Also, the lead plates may corrode when the electrolyte level drops and exposes the plates to air. Flooded batteries are the cheapest option available on the market since they have the weakest internal construction and are prone to fail sooner than AGM batteries.
- Absorbed Glass Mat (AGM)
AGM batteries are designed to handle constant recharging. It’s a standard for most modern vehicles to come with an AGM battery straight from the manufacturer. That’s because of some of the benefits it offers such as fuel-saving function and electronic safety.
They can’t be used interchangeably with flooded batteries since they are more heavy-duty. You’d have to do a software reconfiguration on your vehicle’s electrical system, which we’d recommend hiring a professional to do it for you.
- Traditional Lead-Acid Battery
A traditional lead-acid battery is filled with a liquid electrolyte and produces power by converting chemical energy to electric energy. Lead-acid batteries were once the norm for most vehicles before they became outfaced with AGM batteries. They are typically heavy but can supply relatively high current. That’s probably why they are still a staple for most of the older car models.
Lead-acid batteries aren’t fast-charging and can take up to 16 hours to attain a full charge. Most are prone to leaking, but they are cheaper than AGM batteries.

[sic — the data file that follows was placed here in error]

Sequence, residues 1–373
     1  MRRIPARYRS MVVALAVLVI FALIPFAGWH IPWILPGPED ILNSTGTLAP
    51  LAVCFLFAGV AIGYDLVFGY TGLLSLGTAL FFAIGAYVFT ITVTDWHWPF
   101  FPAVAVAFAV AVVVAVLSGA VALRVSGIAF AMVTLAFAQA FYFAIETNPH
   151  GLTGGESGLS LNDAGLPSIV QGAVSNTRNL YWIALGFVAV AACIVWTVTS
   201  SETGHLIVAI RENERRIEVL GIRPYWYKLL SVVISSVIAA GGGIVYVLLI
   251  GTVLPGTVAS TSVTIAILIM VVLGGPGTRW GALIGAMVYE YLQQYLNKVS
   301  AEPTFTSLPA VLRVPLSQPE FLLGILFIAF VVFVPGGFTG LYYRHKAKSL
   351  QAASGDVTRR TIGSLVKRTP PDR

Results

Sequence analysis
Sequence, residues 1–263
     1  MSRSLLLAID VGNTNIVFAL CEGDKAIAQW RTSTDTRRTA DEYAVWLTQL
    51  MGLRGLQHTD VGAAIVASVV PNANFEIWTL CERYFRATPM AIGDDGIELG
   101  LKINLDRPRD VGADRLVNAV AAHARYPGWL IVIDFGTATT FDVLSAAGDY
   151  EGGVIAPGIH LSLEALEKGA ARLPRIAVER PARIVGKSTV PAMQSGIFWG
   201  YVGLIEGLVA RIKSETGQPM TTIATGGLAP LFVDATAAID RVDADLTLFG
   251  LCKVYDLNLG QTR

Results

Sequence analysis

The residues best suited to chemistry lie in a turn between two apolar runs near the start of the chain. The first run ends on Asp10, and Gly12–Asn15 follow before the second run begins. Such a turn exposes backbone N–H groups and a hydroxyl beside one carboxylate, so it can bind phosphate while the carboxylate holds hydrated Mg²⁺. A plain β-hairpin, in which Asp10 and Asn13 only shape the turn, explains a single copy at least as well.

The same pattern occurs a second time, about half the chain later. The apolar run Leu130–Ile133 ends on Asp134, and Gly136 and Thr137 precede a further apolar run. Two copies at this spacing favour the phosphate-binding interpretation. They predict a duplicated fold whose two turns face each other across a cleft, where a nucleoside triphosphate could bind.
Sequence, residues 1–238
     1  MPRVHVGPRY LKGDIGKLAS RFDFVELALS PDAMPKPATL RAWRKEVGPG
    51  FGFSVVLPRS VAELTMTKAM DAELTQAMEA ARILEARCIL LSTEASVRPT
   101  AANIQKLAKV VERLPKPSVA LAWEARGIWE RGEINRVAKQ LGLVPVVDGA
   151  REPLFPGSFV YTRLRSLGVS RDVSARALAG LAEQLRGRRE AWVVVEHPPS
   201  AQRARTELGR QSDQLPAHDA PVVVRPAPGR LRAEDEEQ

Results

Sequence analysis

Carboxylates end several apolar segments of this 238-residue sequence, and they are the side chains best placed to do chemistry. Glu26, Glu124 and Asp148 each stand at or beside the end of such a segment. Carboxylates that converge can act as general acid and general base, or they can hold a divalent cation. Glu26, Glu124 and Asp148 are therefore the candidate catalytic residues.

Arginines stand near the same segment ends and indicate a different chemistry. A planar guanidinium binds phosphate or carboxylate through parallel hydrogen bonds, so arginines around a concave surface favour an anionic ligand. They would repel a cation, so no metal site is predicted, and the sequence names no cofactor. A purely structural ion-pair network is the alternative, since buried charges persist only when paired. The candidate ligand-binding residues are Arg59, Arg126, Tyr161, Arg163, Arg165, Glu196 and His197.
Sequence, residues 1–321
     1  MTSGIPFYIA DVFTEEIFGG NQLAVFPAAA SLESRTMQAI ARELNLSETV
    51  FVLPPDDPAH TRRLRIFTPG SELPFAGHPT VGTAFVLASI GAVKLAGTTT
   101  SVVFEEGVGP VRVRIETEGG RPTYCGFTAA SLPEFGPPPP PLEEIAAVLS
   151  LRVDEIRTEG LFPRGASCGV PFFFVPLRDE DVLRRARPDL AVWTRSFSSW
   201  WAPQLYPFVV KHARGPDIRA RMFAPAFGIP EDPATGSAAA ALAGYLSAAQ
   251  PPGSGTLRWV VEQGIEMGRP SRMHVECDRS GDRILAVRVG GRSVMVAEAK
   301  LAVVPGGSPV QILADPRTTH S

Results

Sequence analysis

What to Consider When Buying a Car Battery for Cold Weather
If you are thinking of buying a new battery, then you are probably concerned that your current battery doesn’t have what it takes to handle the cold weather. To avoid repeating the same mistake with your new battery, we are going to show you what to look for in a cold-weather battery.
- Cold Cranking Amps (CCA)
Simply put, CCA is the measure of how well a car battery can start the engine in cold weather. It’s calculated as the number of battery amps that can be allotted in 30 seconds at a temperature of zero degrees. The higher the CCA rating, the better the cold-weather performance of the battery.
Regular batteries don’t have a CCA rating since it’s not an important feature for warm weather performance. Also, the components of the battery aren't meant to handle intense cold temperatures. It should, therefore, be easier to identify the best cold-weather battery with the CCA rating.
- Reserve Capacity (RC)